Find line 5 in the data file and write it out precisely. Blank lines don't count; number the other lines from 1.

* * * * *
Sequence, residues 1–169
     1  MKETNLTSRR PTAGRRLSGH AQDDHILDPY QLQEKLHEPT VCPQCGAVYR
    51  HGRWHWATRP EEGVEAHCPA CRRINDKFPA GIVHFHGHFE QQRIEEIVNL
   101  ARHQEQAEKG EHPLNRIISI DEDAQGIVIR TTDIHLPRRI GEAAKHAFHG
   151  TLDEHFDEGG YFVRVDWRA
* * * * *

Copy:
   151  TLDEHFDEGG YFVRVDWRA